They are on the side of what seem to be smaller “volcanic cones” and
close to major fault lines. The rocks are designated on geological
maps as a mixture of igneous rocks (like andesite) and metamorphic
(ranging from slates to amphibolites). There are fossils locations
shown on the geological maps.

Senator Neufeld is cc’d again because of the standing question as to
whether the crystallographer at Ottawa’s National Museum could make
this determination and then answer the broader question of how to
arrive at affordable profiling for microcrystal (vs. microelement)

It is difficult enough prospecting for precious gems which are 100x
less concentrated even in economic deposits than gold at 1/10-1/20 oz
per ton. But the problem of quick and affordable assaying adds
greatly to the difficulty. Is it solvable?


OK, having been perplexed by this Lazarusian thread I have to

I’m not being facetious, I just don’t get it. Is there a market for
gem dust?


To answer the first question posed in your posting- "why not the same
enthusiasm for micron sized crystals? BECAUSE THEY ARE WORTHLESS per
se. There has been an awful lot of mission creep in your postings
Peter, from diamond deposits to looking for rubies and emeralds. To
answer the second question you need to do either XRD or quantitative
x-ray analysis on you samples. Going back to diamonds, I told you
how to separate the wheat from the chaff using settlement (or a heavy
liquid separation).

Go to your nearest university with a geology/materials science
department and they will do the determinations you require. I
suggested this over a year ago but you havent progressed this. Are
you afraid of the answers analysis will give you? There is no future
in your prospecting unless you know the source rock location as what
you have is valueless.



I appreciate the replies from all parties given in the past year. I
read every one and make notes.

The answer to my main question about “crystallography profiles” (for
want of a better expression) which are as affordable as conventional
assays, so far the answer is NO. The best I can find is at Acme Lab
in Vancouver (Googleable) the following under “Geochemical Whole
Rock Major and Trace Element Analysis”

Acme will work with .1 gram samples and give back a profile of 11
mineral oxides.with lower limits usually of .01% and upper limits of
100%. This plus a few others which includes C (organic + inorganic I
assume) in a 20 parameter profile for an affordable $26.70. So that
is Group 4A, “Whole Rock by ICP”.

Now 4B (Total Trace Elements by ICP-MS) requires .6 grams but it
yields a profile of 45 elements including Be.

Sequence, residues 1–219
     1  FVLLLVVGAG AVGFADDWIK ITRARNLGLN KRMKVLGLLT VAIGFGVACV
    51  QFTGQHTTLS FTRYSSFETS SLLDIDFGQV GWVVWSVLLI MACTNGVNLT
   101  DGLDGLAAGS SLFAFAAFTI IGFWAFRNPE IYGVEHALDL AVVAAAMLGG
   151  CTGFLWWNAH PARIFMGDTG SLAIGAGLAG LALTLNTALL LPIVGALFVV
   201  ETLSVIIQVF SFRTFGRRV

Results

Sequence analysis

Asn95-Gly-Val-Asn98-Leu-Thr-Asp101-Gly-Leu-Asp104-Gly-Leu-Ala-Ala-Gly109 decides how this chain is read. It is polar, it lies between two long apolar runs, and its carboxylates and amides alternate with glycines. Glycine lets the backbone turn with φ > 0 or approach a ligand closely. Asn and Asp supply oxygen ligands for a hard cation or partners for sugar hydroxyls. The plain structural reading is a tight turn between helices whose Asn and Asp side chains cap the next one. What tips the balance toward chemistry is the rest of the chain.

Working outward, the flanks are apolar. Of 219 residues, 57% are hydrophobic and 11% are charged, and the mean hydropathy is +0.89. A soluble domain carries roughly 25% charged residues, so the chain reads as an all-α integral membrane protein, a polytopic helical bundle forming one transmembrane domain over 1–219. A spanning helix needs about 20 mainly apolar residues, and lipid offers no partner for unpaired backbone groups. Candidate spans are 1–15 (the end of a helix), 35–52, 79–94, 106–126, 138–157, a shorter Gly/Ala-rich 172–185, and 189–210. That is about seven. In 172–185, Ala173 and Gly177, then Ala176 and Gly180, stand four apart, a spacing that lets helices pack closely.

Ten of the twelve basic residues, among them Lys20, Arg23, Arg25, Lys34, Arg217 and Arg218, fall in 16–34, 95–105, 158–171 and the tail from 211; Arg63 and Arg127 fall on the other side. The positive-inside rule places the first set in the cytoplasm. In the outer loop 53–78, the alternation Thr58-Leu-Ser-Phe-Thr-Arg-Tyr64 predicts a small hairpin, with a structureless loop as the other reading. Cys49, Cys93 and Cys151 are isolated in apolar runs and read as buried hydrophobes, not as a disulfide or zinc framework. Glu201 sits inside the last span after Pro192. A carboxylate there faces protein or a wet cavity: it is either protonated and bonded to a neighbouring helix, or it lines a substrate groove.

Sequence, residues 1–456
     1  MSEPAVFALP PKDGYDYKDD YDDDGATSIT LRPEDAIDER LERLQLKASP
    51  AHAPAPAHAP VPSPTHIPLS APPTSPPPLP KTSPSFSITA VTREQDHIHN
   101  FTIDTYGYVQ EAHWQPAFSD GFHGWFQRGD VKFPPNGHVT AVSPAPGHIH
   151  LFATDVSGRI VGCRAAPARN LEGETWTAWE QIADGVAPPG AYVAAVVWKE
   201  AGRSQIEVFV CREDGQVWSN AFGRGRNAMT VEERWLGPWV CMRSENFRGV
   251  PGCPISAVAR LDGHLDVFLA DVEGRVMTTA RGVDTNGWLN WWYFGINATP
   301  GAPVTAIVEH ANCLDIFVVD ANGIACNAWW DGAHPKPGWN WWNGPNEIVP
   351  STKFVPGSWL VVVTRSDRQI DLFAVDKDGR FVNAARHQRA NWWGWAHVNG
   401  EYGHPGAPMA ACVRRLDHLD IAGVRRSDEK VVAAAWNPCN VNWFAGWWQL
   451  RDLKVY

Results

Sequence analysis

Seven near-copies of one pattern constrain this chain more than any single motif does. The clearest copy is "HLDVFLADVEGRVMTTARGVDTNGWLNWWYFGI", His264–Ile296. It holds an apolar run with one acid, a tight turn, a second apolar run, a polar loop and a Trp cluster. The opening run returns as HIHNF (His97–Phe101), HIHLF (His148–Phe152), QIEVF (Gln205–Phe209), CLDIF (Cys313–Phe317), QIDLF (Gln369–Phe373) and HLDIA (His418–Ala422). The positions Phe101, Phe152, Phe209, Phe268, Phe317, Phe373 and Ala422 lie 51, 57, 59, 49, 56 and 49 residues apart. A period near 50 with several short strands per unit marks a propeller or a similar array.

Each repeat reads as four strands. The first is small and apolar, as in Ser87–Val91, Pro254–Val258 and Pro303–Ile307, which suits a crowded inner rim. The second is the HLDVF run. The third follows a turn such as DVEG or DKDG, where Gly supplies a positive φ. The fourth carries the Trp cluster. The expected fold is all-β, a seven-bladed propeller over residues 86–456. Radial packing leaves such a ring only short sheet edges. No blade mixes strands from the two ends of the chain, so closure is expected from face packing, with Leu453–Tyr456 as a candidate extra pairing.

I just gathered 500 lbs of samples and guestimate they contain about
1,000 tiny “intensely” green crystals, some quite transparent and
some more opaque. I’ve seen a lot of local jade and crysoprase and
neither is even close in being as intensely green. The largest is
about 1/10 mm. With a lot of painstaking work, I could isolate these
1,000 crystals with some of the matrix still clinging. So let’s say
I end up with 2 grams of which 90% is matrix. Acme can assay it as
above. What use is that Correct me if any of the
following is in error:

If I have green sapphire then I expect high Aluminum Oxide.

If I have green emerald then I expect a high Be assay.

With all due respect for those who have posted that dust-sized gems
are of no value, I disagree and IMO their error is because they are
gemologists but not prospectors. If I end up with proof that these
little gems are either sapphire or emerald then I expect the mineral
properties for this entire end of the Fraser Valley will be claimed
by the big mining companies. Likewise for diamonds.

But I do not think the Acme assays on their own are very close to
complete proof. So let’s say I follow up the Acme assays with sending
samples to a jeweller like yourself for RI and other tests like SG
and solubility and do get that complete proof. But first I would have
to know the tests.

What I have not been able to get a direct answer on is the size of
INDIVIDUAL microminerals which can be determined by a skilled

If I send you one gem in the “micro” range, ie one microgram and one
micrometre can you determine if it is diamond, sapphire or emerald?

If I send you one gem in the “nano” range 1,000 times smaller can
you do the same?

Granted you are not going to see these gems at Buckingham Palace.
You only going to see them in the crown jewels of Lilliput or maybe
the British Museum in London which I quite enjoyed, including the
entire oil rig from early days of oil mining. Remember Daniel Day